I was just the girl galley, you know. But even though I was a physician and successful, I still had issues with self esteem of not being good enough, not being smart enough, pretty enough, all of that stuff. And even though that was the horrible thing that happened to me, the person I am now the strength that I have, the confidence that I have, I probably wouldn't have been able to do this podcast with you so freely, you know, I have just become a woman that I love so much now.

Unknown 39:42
That's why when, quote unquote bad things happen to us. Sometimes that pain propels us to our purpose and know that one of the things that I'm called to do is to help other women like myself might be successful on the outside, but struggle with issues of self esteem and self worth.

Unknown 40:01
To help them love themselves more. So even though it was painful, and I'm thankful that it happened, because of what I am now. I love her so much more.

Justin Trosclair 40:10
Yeah, was it? Do you find this and it's intimidating for guys to like, go on a date, like things out co she's cool, she's pretty. Then you find out, boom, boom, boom. So yeah, I'm probably quote more successful, you know, potentially, like, on the outward appearance, and all of a sudden, they're like, all right, I just have to leave now.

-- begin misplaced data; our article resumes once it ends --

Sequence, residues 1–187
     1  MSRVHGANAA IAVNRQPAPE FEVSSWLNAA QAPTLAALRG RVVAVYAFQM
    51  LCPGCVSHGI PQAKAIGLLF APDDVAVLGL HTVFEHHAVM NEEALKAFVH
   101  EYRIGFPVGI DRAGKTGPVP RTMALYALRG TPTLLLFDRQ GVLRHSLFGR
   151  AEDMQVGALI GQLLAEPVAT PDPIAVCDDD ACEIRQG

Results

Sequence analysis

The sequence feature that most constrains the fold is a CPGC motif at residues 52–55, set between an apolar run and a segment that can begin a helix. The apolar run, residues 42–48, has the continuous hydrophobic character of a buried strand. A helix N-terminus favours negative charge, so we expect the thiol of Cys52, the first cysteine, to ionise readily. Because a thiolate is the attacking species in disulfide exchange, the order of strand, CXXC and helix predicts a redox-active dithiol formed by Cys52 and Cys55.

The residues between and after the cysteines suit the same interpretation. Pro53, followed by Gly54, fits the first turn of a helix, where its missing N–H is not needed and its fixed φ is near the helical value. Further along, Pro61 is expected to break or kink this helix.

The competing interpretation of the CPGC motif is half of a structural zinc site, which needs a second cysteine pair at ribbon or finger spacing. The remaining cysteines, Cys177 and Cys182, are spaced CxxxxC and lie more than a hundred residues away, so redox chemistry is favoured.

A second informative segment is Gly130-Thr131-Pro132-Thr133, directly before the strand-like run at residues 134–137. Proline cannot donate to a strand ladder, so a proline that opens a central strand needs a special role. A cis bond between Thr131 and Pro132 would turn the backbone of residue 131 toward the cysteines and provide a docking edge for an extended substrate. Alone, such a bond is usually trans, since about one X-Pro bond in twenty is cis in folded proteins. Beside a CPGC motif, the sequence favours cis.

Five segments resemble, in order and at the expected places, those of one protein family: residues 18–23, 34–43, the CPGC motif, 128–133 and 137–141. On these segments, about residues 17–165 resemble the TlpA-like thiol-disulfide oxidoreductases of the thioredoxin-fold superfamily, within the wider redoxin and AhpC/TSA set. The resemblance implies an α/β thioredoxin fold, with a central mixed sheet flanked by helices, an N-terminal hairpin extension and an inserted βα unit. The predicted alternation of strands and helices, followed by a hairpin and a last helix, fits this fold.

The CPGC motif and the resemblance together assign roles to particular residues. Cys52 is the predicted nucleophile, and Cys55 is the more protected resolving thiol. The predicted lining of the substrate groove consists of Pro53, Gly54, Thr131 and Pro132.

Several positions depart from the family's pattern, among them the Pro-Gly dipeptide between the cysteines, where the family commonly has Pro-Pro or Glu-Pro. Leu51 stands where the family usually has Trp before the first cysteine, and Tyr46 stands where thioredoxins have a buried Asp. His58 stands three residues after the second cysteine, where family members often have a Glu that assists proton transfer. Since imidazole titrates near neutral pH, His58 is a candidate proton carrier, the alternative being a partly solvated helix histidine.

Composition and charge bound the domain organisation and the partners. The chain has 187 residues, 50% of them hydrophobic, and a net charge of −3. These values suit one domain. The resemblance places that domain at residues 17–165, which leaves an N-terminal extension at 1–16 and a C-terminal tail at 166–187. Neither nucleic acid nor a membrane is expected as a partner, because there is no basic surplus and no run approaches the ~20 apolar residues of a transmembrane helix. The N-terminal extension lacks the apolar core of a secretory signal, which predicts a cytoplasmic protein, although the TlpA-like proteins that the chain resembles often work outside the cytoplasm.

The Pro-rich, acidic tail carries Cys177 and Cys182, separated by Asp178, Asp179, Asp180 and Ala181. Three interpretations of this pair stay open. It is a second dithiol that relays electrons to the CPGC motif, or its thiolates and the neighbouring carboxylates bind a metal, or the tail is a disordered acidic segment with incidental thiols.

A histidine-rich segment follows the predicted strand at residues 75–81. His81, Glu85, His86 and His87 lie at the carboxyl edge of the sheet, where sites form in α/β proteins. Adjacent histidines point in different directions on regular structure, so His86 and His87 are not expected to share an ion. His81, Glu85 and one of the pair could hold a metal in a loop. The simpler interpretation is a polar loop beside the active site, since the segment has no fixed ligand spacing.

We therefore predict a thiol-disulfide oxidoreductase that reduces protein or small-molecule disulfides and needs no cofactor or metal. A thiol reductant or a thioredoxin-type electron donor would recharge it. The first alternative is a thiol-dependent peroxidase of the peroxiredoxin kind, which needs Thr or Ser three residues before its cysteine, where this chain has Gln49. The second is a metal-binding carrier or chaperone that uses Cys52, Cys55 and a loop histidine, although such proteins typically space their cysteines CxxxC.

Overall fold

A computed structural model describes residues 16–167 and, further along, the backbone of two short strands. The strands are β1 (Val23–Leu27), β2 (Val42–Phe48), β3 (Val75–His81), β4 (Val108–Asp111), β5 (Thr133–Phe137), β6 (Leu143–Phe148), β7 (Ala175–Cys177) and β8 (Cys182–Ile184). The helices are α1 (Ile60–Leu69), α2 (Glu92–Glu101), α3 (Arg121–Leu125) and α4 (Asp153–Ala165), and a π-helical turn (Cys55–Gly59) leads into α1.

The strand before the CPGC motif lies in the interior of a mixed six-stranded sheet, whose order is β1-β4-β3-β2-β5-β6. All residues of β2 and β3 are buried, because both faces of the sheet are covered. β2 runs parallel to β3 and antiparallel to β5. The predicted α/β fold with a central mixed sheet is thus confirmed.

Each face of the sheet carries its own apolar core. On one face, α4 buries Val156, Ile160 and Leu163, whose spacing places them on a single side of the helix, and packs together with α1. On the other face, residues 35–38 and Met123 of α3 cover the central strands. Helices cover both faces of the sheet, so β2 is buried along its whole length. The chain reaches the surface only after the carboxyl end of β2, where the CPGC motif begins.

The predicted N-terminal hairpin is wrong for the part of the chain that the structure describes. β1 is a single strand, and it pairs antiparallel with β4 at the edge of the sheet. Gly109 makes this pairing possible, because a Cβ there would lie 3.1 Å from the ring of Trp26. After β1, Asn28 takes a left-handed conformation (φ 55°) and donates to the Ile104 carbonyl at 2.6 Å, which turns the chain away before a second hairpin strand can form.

Do you find that or what

Unknown 40:32
i think i think dating is tougher for the professional woman. But I do believe that there's someone out there for us. And the point is not to settle out of loneliness not to let your you know, you want to have a baby or 35. Now, you know not to let that cause you to be with someone that's not healthy with to be in a space where you're not being treated the way that that you deserve. You know, I think right person will not be intimidated by my success, the right person will have their own things going on to they will also be pursuing their own purpose and their own passions. So they will have no time to be jealous of mine. So I'm waiting for that person to come along. Do you know anyone, Justin? You know,

Justin Trosclair 41:21
keep it in the back of my mind. I know this lady.